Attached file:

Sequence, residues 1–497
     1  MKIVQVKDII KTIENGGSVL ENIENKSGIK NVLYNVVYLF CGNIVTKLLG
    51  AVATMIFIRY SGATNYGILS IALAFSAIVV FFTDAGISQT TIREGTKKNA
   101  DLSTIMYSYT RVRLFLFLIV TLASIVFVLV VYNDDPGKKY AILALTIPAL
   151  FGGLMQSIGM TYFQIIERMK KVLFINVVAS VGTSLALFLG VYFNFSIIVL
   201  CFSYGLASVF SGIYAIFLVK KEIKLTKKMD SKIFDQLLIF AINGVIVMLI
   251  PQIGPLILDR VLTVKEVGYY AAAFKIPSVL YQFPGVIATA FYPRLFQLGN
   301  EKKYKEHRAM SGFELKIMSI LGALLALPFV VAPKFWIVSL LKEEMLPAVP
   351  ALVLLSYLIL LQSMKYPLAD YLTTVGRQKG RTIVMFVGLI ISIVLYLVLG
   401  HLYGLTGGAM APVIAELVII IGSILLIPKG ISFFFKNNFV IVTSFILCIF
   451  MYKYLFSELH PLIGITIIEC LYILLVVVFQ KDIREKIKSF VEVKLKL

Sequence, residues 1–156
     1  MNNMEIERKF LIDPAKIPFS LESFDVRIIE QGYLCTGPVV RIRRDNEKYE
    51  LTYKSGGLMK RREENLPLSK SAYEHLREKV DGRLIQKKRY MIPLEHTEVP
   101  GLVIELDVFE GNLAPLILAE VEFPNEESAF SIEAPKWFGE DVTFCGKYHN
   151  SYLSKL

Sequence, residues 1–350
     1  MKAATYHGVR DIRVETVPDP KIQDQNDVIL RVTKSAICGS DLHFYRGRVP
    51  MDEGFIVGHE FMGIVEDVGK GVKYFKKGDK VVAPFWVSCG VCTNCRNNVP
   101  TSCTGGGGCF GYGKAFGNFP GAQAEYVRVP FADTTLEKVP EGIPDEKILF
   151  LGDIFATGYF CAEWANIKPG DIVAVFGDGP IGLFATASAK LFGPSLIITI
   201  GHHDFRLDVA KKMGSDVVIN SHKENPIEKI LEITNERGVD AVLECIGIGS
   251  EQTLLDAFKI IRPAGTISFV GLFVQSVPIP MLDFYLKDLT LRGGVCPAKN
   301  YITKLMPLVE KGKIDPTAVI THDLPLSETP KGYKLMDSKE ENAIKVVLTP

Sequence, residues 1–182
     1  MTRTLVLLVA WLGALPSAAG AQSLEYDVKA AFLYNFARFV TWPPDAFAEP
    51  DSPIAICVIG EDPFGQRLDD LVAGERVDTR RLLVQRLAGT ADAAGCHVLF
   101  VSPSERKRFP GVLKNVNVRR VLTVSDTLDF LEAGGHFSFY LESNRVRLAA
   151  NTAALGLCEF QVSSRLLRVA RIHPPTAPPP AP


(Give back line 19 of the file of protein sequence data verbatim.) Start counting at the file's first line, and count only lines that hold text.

    51  MDEGFIVGHE FMGIVEDVGK GVKYFKKGDK VVAPFWVSCG VCTNCRNNVP